Terane Weatherly's church buddies kept trying to coax her to join them at the gym, but she always turned them down because of her size.
"A gym is very intimidating when you've never been into physical fitness," says the 48-year-old insurance associate from Connecticut, who weighed 285 pounds in 2005. Then one day at work, Terane had a seizure and was rushed to the emergency room—but she was too heavy to fit into a closed MRI machine.
Although the episode convinced Terane to start exercising, she still hadn't found her lasting motivation. The real turning point wouldn't come until several months later, when she ran across a picture of herself. "I thought I was looking real good that day, but when I saw the photo, I felt horrible," she says. "I said to myself that I'd better take this seriously. I joined a weight loss program with my sister and committed to hitting the gym twice a week." She also started walking three miles every weekend, and doing the little things that add up, like taking the stairs and parking at the farthest end of the lot. Terane had finally decided to start her new life as an active person.
So many people can relate to Terane's initial resistance to physical activity. Although the reasons may be different—I don't have time; I'm too tired
—the result is the same: a sedentary lifestyle. But while exercise aversion is rampant, the simple truth is this: As human beings, we were meant to move. When we don't, we increase our risk of virtually every known ailment, from diabetes to coronary heart disease to osteoporosis to stroke. And it's not just that a lack of exercise promotes
disease; a commitment to exercise can actually prevent
it. We now know, for instance, that exercise strengthens the immune system and may help guard against cancers associated with body fat, including cancers of the esophagus, pancreas, colon, kidney, and breast. Exercise also boosts metabolism, helps you sleep, improves your mood, and gives you more energy.
All this should be enough to get anyone in their right mind to the gym, but lots of otherwise sane men and women don't even own a pair of workout shoes. The number one reason is that many people simply hate exercise. But if you're one of those people, let me state it plainly: You need to do it. Even if you don't care about all the health benefits, if you want to lose weight and keep it off, there's no way around it. You have to exercise. People who have long-term weight management success are physically active.
The challenge is to get past your resistance to activity. It's time to think about the reasons you might be reluctant to exercise, as well as ways to motivate yourself and overcome obstacles. You may never learn to love exercise (though a lot of former exercise haters do), but you will learn to love what it does for you.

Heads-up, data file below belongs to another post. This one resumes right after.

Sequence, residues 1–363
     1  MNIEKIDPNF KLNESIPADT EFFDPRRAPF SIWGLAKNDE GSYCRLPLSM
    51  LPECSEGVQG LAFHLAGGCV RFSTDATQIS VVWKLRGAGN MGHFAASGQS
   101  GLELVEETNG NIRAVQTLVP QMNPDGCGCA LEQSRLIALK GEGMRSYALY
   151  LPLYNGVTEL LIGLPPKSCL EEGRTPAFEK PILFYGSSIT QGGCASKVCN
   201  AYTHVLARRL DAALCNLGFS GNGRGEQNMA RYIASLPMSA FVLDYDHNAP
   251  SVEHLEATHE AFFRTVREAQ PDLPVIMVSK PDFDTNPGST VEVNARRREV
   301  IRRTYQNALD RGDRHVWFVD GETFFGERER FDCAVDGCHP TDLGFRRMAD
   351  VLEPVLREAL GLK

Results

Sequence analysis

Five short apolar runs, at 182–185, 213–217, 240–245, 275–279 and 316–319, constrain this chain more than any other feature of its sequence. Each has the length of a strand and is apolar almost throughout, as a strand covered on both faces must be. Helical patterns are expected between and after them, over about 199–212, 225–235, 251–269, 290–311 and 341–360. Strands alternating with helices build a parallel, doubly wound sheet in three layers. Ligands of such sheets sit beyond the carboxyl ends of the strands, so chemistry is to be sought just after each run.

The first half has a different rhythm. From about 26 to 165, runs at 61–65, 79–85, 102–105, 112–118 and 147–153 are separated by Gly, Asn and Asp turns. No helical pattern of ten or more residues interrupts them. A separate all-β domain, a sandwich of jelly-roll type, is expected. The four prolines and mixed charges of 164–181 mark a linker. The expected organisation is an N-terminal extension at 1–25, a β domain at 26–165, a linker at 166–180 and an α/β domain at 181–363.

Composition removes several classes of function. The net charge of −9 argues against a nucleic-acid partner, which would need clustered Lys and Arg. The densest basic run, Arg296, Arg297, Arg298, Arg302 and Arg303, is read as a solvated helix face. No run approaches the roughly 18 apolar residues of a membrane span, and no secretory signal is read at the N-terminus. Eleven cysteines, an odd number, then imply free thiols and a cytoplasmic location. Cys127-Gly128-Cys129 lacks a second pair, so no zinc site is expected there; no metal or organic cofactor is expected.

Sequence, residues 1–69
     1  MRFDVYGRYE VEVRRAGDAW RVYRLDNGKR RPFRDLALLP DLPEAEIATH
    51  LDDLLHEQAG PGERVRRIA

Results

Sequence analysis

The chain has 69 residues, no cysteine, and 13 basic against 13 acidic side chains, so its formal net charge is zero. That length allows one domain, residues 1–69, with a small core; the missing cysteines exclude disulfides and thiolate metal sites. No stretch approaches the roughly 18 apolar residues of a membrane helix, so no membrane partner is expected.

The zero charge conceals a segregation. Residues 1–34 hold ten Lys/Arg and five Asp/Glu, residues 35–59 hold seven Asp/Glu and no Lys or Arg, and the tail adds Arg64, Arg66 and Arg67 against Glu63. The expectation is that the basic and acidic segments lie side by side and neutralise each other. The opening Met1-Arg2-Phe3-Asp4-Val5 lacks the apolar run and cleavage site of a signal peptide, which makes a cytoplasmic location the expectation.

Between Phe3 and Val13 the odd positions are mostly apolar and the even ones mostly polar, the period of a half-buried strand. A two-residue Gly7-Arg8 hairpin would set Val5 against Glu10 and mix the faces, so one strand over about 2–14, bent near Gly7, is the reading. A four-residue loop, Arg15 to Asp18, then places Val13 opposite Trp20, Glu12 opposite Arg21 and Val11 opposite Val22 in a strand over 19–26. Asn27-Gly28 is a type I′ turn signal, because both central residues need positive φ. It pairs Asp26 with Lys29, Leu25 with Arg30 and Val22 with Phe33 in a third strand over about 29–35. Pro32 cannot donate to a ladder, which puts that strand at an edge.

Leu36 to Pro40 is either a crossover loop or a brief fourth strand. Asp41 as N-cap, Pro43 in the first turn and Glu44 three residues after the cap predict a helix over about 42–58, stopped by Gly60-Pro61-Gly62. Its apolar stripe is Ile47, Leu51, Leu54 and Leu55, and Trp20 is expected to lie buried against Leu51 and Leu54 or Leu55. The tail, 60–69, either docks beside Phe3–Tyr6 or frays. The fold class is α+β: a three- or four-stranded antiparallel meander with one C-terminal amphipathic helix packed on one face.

That's certainly true for Terane, who now maintains her weight at about 140 pounds. She's setting a great example for her three kids and has more energy to devote to her passion: volunteering for her church, which includes helping at homeless shelters, attending conferences, "and basically anything my pastors need me to do that I now have enough strength, energy, and determination for."
Terane's story shows that what motivates someone to transform herself can be as big as a health scare or as small as a photograph. Whatever your turning point, the new perspective it provides will help you look at your life, your weight, and your priorities in a totally different light—and when that revelation hits you, you'll know it.
Until you have a reason to be physically active—a reason that matters, and matters deeply—then you are not going to stick with exercise. The importance of a significant motivating factor is something I've seen again and again among my clients. And the research backs me up. One study from Portugal divided overweight women into two groups. Both received standard advice on diet and exercise, but one group was also encouraged to develop a personal, emotional incentive for staying active. After a year, the group that had incorporated the psychological component had lost an average of 12 pounds of body fat, compared to just under three pounds for the other volunteers. What I find especially interesting about this research is that it shows that inner motivation can be acquired.
With this in mind, I'm offering you ten reasons to exercise. Some you'll read and think, "Yeah, I guess so." That's not the reaction I'm going for. I want you to find the one that inspires you to say, "That
is what I care about!" Then you'll know you're on the right track.
Next: 10 reasons to exercise (pick at least one)